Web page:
There are many reasons, Professor Darken stated, why the proposed revisions are "worth it." There is a consensus that our students need improvement in the area of writing, so the proposal requires a third writing course. UTC students need improvement in the area of oral communication, so the proposal includes a speech requirement. UTC students need improvement in the area of computer literacy, so the proposal seeks to address that need as well. (It has been suggested that our students are on the whole more computer literate than our faculty. This, Professor Darken opined, is not saying much.) Because the Committee believes that University graduates should be able to interpret quantitative data, a course in statistics would be required of all UTC students.

The Committee worked to provide both breadth and depth in the curriculum. The thirty-one hours we presently require in General Education is a small number in comparison to the national average, and in comparison to the number required in neighboring institutions. Why do other institutions require more hours? Because unlike some of our graduates, other institutions want their graduates to have more than seven hours of science and math. Unlike some of our graduates, other institutions want their graduates to have at least one course in history or in literature. Unlike our graduates, other institutions want their graduates to know something about the Reformation, the French Revolution, the Viet Nam war, etc. Curricular depth is sought through the focused attention to significant works in Humanities I and II. There has been extensive debate, Professor Darken added, about whether a University education should stress process or product: whether learning should focus on the collection of information or on learning how to learn. The Committee has taken a middle ground on this issue, believing that students should both be presented with specific knowledge and taught how to think and solve problems.

Some faculty members have asked why we should bother with significant revisions when there appears to be no money to fund them. The Provost and Chancellor have indicated that they will do their best to fund whatever program the faculty considers most beneficial for our students. Clearly, we need something better than we have now. Concerns about money must be weighed against issues of intellectual value. Professor Darken announced that it is likely the Committee will receive $53,000 from the UC Foundation for Gen Ed summer workshops. She concluded her remarks by asking Council members to consider the potentially far-reaching and complex ramifications of any revisions they might bring to the proposal.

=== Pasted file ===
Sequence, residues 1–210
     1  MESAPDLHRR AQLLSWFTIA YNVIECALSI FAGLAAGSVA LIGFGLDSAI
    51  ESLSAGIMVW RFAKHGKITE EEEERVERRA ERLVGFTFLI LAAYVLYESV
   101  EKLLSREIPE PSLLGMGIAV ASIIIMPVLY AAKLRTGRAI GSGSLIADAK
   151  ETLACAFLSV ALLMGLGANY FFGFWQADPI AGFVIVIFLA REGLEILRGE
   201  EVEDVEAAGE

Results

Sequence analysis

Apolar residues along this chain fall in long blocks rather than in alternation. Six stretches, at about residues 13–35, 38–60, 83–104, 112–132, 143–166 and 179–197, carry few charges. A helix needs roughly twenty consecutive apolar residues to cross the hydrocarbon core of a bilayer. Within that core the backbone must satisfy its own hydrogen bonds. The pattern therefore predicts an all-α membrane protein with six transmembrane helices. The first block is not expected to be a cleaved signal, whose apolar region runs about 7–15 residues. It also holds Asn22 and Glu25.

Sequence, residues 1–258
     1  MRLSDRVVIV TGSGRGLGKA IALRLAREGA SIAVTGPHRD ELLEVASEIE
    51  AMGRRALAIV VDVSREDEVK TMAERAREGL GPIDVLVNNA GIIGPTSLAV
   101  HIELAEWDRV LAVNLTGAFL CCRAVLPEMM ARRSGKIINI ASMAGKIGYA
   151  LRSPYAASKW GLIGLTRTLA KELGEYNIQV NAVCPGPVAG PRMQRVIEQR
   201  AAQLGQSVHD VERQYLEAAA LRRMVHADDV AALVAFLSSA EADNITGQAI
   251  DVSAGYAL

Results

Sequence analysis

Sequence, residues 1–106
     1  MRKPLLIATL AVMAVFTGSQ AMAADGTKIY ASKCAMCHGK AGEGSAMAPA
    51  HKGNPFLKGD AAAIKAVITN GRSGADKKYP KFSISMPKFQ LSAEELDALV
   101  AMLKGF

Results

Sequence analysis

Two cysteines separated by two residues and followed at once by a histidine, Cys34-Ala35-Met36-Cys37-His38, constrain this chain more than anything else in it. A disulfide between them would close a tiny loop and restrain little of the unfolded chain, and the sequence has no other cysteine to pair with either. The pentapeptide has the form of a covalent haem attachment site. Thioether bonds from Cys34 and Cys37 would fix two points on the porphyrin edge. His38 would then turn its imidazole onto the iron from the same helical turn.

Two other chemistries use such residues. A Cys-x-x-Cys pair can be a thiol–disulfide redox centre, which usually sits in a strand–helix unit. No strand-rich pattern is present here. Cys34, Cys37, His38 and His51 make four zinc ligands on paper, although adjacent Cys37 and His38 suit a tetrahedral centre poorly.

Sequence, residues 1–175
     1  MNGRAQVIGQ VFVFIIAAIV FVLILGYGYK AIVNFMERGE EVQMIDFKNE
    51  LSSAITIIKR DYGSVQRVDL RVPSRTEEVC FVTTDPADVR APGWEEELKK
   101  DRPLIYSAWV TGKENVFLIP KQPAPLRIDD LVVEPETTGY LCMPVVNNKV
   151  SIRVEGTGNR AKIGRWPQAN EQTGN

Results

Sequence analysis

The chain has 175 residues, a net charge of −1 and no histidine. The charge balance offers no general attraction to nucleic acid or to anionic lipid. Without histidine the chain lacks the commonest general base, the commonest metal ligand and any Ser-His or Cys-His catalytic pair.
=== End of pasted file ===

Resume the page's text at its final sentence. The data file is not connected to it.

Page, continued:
After a few moments of silence, Professor Butterfield expressed a concern of some deans and faculty that the additional faculty needed for the proposed Gen Ed curriculum will prevent hiring of other new faculty. Chancellor Bill Stacy replied that it would not be feasible to hire all at once the ten new faculty requested; five + five may be hired over the course of two years. There is always a need for prioritization when hiring new faculty; decisions must be made concerning what position is most urgently needed at a particular time. It is not necessarily true that hiring ten new faculty will kill any other possible lines. The ten lines proposed would cost around one-half million dollars to phase in, and this amount can be acquired. He stated that faculty are responsible for providing the best curriculum possible. Dean Herb Burhenn offered some historical perspective in reporting that over the past ten years, UTC enrollment has increased 25%, while state-funded teaching lines have increased by 9% (or 15 lines).

Professor John Trimpey addressed the proposal at some length. We should be concerned, he stated, with what students need to learn, and not how many hours are presently required in a given program. Departments have some choice about how many hours they require to graduate. If we are going to allow exceptions to the Gen Ed requirements for programs which have amassed a particularly high number of hours, exceptions should be made for all programs. Professor Trimpey also remarked that he was intrigued by some of the numbers in the impact study that accompanied the proposal. A determination of how many sections of a course are needed based on a class of graduating seniors would not hold for an incoming class. What percentage of our freshman graduate? It is important to consider what percentage of our students register for developmental math, for example. How will repeating of courses affect the new math requirement? Will the new math requirement send increasing numbers of students to Chattanooga State, and might these students then decide to take more General Education courses there? Professor Trimpey also noted that while the proposal claims that 70% of students take one or more computer classes, this is not the case among Humanities majors--where it is closer to 50%--and probably not the case in certain other majors like English. He further pointed out that there are more new net hours required by the proposal in the Humanities than in other areas. We should allow departments or programs more flexibility in determining what they wish to include in their programs. Not doing so destroys the rationale of the proposal. Professor Trimpey concluded by saying that just as mathematics puts a cap on our enrollment presently, this program is going to put another cap on our enrollment.